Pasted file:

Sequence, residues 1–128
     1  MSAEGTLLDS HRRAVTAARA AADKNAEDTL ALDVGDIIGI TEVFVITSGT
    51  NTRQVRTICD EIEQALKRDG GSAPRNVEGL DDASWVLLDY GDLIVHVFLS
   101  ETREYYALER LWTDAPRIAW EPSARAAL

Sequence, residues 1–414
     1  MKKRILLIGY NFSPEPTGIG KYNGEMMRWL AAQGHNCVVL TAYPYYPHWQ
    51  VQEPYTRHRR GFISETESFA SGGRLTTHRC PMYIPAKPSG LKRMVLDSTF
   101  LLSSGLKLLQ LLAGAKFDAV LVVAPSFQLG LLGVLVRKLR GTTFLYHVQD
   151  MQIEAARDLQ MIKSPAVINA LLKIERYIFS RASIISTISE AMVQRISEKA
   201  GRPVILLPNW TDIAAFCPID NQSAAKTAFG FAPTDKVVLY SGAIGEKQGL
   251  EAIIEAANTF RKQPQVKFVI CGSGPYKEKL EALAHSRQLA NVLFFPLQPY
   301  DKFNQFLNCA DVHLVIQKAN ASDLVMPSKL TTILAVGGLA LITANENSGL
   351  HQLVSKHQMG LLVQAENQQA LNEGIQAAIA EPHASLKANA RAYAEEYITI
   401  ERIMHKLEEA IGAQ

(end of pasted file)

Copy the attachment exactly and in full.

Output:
Sequence, residues 1–128
     1  MSAEGTLLDS HRRAVTAARA AADKNAEDTL ALDVGDIIGI TEVFVITSGT
    51  NTRQVRTICD EIEQALKRDG GSAPRNVEGL DDASWVLLDY GDLIVHVFLS
   101  ETREYYALER LWTDAPRIAW EPSARAAL

Sequence, residues 1–414
     1  MKKRILLIGY NFSPEPTGIG KYNGEMMRWL AAQGHNCVVL TAYPYYPHWQ
    51  VQEPYTRHRR GFISETESFA SGGRLTTHRC PMYIPAKPSG LKRMVLDSTF
   101  LLSSGLKLLQ LLAGAKFDAV LVVAPSFQLG LLGVLVRKLR GTTFLYHVQD
   151  MQIEAARDLQ MIKSPAVINA LLKIERYIFS RASIISTISE AMVQRISEKA
   201  GRPVILLPNW TDIAAFCPID NQSAAKTAFG FAPTDKVVLY SGAIGEKQGL
   251  EAIIEAANTF RKQPQVKFVI CGSGPYKEKL EALAHSRQLA NVLFFPLQPY
   301  DKFNQFLNCA DVHLVIQKAN ASDLVMPSKL TTILAVGGLA LITANENSGL
   351  HQLVSKHQMG LLVQAENQQA LNEGIQAAIA EPHASLKANA RAYAEEYITI
   401  ERIMHKLEEA IGAQ